The point that Jan brings up with B above is an important one, and I agree that saying "Allow remote debugging connection from 10.243.36.190:52538?" would be bad, if the memorization is not keyed on IP address (which I think it should not be).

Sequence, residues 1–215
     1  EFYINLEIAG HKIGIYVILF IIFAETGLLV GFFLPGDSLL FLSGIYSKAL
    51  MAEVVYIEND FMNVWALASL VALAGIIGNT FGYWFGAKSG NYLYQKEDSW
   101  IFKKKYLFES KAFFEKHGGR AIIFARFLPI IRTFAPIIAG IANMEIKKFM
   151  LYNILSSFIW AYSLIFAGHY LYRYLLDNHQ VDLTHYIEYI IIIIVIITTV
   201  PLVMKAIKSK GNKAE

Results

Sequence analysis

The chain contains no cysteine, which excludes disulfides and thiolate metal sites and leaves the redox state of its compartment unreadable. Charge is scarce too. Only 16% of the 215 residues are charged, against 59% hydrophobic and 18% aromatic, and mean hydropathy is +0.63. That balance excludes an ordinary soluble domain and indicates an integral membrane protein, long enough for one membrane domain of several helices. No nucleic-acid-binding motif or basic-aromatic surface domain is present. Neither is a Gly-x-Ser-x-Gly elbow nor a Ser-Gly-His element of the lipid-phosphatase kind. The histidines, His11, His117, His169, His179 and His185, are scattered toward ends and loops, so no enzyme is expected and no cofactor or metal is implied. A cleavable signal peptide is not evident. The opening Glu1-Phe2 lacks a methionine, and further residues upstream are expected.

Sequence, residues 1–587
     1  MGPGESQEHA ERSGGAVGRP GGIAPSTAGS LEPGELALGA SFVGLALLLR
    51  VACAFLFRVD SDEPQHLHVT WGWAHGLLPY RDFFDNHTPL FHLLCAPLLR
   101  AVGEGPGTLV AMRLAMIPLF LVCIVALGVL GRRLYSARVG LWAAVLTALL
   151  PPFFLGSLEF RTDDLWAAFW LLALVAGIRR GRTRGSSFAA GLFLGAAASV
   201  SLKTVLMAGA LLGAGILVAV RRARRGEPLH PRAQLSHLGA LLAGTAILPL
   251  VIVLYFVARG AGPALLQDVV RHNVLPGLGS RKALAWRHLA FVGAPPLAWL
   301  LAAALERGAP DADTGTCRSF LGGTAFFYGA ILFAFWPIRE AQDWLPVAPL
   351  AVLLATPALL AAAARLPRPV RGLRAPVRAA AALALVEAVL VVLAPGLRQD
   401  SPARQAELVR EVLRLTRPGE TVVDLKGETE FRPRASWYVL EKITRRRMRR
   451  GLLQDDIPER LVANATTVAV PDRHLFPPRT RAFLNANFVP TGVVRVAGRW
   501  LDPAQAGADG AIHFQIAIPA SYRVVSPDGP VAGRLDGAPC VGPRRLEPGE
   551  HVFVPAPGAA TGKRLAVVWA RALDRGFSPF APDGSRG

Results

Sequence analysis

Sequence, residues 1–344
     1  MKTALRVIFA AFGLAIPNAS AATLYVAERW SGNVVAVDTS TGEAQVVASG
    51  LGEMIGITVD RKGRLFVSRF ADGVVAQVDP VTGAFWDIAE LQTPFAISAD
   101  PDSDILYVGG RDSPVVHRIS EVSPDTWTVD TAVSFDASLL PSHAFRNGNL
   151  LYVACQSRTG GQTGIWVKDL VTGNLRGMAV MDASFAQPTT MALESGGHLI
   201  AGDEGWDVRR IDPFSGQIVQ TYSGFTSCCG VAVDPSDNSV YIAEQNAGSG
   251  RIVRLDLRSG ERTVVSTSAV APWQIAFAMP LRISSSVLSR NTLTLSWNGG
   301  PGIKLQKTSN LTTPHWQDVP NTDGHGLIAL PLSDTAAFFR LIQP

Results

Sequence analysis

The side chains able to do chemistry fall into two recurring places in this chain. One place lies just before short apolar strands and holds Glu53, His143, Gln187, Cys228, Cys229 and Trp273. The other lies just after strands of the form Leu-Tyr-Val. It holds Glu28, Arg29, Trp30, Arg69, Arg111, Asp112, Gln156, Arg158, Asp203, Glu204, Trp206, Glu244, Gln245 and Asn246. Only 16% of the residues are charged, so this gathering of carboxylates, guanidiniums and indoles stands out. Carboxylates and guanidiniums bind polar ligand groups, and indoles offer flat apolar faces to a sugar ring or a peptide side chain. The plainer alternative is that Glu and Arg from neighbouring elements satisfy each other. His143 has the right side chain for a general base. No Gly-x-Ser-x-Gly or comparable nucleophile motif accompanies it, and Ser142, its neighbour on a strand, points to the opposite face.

Are we all discussing the same option B? In option B, I stated: B. Never show the fingerprint, but state in the dialog that a cert is used and verified by the QR scan on the next screen So, we would show something like: Allow remote debugging connection from 10.243.36.190:52538? The other endpoint's certificate will be authenticated by scanning a QR code on the next screen. [Always Allow] [Allow] [Deny] We can bikeshed the exact text, but doesn't something like this make it clear that a cert is used to authenticate, not just the IP? (In reply to Jukka Jylänki from comment #31) > The point that Jan brings up with B above is an important one, and I agree > that saying "Allow remote debugging connection from 10.243.36.190:52538?" > would be bad, if the memorization is not keyed on IP address (which I think > it should not be). Memorization (always allow) is only available as a choice when a cert is used, and is not based on the IP address. If a cert is not used, then "always allow" is not presented as an option. I believe the actual security is sound, but we just need to work out how it's presented in this dialog. (In reply to Jukka Jylänki from comment #28) > Is it possible to show both the fingerprint and the IP? Why would you say > "because I wouldn't bother verifying the fingerprint, let's not display it > so that nobody else can either."? It's not about "I won't bother", but rather that the next (required!) screen involves scanning a QR code which verifies the cert fingerprint for you anyway. So, at the very least, we should probably state that this will take place so the user can make an informed decision. This suggests either option B (which makes this statement) or C (same, but cert fingerprint is still available behind a "details" toggle).